Peer to Peer IS NOT A MESH!

Misconceptions are my new obsession, and there are loads in the book.

The biggest misconception in the Networks topic is confusion between topology and “service model”. Here are some typical questions from Facebook that illustrate the confusion:

  • what is the difference is between a mesh network and peer to peer network?
  • Would you give marks for star topology advantages being central backup and security. Or is that not right because it is not referring to the actual cable layout?
  • It seems to be common to conflate Star with Client Server and Mesh with Peer to Peer, is this OCR stance?

Peer to Peer and Client-Server are two service models which are unrelated to the topology (star, mesh, ring, bus etc.). These service models are a logical description of the network, while topology is the physical description.

A network has a physical arrangement of devices and connections, and this is its topology. Independent of the topology is the way files and programs are shared, and this is the service model, or sharing model, which can be peer-to-peer or client-server.

The topology matters when we are discussing how packets travel around the network, which devices they pass through and how they get to their destination. But this is irrelevant when we are talking about how files are shared, because the user does not care about the journey the packets take when copying a file from another device or saving a file on the server. So a Star topology can support a peer-to-peer model of network, just as a mesh topology can support a client-server network (or vice versa).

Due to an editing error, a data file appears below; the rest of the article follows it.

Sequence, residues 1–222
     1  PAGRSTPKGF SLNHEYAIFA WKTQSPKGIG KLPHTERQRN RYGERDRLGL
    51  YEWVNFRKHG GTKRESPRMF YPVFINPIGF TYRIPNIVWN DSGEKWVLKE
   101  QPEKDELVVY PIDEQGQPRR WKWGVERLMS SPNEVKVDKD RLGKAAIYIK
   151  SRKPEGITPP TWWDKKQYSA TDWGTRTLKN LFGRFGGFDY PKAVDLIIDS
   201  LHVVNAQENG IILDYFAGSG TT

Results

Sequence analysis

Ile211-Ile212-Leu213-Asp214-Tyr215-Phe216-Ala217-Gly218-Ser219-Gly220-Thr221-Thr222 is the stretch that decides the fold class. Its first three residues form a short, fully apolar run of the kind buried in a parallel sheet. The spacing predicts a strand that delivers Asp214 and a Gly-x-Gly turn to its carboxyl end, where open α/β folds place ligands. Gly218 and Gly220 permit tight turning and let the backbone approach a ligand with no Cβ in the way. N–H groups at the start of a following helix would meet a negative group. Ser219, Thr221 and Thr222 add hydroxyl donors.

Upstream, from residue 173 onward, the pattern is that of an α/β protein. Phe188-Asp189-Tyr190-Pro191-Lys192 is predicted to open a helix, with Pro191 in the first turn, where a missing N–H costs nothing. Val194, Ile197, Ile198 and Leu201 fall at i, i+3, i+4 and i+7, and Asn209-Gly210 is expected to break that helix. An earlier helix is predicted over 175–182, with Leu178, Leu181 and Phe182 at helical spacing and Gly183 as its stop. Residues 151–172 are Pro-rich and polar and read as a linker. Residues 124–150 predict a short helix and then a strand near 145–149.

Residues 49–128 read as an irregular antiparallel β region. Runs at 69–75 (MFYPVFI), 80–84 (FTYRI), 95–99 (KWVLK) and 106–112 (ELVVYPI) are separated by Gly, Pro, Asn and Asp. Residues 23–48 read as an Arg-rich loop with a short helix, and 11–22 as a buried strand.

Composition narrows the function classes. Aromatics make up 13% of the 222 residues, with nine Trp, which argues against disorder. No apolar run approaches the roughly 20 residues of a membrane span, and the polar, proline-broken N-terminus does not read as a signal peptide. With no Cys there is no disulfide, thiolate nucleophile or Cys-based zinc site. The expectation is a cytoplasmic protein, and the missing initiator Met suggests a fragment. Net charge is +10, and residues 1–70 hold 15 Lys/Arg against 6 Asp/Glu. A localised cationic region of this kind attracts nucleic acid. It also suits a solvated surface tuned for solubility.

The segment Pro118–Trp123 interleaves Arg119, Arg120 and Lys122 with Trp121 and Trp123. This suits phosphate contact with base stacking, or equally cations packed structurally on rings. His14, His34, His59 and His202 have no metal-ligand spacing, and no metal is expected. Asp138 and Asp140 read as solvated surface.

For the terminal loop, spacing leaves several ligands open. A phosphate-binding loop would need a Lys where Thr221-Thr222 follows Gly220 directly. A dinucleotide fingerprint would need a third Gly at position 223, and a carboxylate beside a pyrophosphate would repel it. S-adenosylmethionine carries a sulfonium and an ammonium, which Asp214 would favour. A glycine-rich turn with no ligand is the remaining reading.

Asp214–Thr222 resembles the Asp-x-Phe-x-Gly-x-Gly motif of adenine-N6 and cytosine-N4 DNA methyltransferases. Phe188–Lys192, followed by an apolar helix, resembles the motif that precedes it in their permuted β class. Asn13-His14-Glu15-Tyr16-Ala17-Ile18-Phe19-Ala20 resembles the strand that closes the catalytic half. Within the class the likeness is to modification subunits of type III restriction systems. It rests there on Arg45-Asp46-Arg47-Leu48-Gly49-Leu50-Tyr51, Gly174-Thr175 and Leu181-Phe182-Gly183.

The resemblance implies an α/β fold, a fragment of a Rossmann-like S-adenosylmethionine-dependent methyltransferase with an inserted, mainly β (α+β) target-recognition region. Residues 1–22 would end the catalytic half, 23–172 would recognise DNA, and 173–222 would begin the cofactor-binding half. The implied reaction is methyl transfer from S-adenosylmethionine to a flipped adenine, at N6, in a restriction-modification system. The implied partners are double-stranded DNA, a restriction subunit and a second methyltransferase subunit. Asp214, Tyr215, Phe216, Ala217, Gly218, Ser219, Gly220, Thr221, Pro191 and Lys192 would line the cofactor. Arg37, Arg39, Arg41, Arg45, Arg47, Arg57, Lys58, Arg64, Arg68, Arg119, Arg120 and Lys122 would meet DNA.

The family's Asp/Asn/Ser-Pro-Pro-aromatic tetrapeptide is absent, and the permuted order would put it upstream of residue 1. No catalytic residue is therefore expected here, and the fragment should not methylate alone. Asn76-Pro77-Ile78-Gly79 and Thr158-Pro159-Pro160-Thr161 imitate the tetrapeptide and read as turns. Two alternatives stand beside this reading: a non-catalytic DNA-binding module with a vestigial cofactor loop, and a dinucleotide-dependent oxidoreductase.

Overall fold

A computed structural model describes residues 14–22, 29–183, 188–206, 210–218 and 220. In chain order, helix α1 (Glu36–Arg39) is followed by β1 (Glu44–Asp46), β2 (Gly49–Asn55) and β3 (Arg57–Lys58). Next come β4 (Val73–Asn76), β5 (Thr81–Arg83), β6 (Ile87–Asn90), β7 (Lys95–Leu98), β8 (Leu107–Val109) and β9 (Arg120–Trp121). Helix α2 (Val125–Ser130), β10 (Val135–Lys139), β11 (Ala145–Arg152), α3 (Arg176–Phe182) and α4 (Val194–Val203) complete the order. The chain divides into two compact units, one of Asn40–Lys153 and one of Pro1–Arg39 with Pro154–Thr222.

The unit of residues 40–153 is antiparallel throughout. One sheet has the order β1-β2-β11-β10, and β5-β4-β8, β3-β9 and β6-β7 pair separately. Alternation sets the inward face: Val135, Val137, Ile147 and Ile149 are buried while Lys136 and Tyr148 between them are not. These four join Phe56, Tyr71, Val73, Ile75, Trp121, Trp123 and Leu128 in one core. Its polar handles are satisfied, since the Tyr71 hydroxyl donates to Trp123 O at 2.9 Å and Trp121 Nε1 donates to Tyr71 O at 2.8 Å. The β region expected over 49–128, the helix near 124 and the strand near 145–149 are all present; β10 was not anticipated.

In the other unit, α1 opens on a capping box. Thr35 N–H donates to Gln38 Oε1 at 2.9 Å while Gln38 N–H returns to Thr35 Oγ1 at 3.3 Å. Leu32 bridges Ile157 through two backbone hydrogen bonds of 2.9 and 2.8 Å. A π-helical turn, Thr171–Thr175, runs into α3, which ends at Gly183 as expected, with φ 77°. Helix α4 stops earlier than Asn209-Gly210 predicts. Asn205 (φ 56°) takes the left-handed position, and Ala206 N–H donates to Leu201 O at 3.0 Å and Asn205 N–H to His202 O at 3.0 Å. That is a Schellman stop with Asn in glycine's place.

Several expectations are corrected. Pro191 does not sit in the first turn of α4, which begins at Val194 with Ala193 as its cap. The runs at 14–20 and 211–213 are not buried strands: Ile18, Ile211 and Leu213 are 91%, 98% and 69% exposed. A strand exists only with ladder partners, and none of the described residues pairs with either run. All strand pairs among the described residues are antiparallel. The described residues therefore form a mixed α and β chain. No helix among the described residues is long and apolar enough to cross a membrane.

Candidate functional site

The confusion arises partly because of unclear images in textbooks, which appear to show a mesh network described as a peer-to-peer model, and a star network as client-server, and we can see this on the Wikipedia page for P2P here. Confusing as these images may be, the authors are trying to illustrate the logical relations between devices rather than their physical connections, so the images are not wrong. However, learners (and indeed teachers) may be more used to seeing diagrams of the physical connections – the topology – of a network, and therefore unused to seeing the logical relationships described the same way. In short, the diagrams look exactly like topology diagrams, even though they are intended to convey the logical service model.

I discuss this misconception and many more in “How to Teach Computer Science”, out in June 2021 from John Catt Ed.


By mraharrisoncs

Freelance consultant, teacher and author, professional development lead for the NCCE, CAS Master Teacher, Computer Science lecturer.

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